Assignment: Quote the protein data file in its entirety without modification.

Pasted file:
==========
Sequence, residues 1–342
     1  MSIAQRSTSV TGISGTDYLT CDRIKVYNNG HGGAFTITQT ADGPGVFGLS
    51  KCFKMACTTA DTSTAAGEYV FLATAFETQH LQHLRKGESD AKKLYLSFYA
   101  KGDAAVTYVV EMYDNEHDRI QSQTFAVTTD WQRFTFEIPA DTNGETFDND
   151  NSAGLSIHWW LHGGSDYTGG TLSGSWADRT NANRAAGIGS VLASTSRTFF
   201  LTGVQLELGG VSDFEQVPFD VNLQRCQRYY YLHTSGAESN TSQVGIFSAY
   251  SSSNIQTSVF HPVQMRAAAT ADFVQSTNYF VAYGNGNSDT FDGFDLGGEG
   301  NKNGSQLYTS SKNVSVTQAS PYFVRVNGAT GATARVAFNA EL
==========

Sequence, residues 1–342
     1  MSIAQRSTSV TGISGTDYLT CDRIKVYNNG HGGAFTITQT ADGPGVFGLS
    51  KCFKMACTTA DTSTAAGEYV FLATAFETQH LQHLRKGESD AKKLYLSFYA
   101  KGDAAVTYVV EMYDNEHDRI QSQTFAVTTD WQRFTFEIPA DTNGETFDND
   151  NSAGLSIHWW LHGGSDYTGG TLSGSWADRT NANRAAGIGS VLASTSRTFF
   201  LTGVQLELGG VSDFEQVPFD VNLQRCQRYY YLHTSGAESN TSQVGIFSAY
   251  SSSNIQTSVF HPVQMRAAAT ADFVQSTNYF VAYGNGNSDT FDGFDLGGEG
   301  NKNGSQLYTS SKNVSVTQAS PYFVRVNGAT GATARVAFNA EL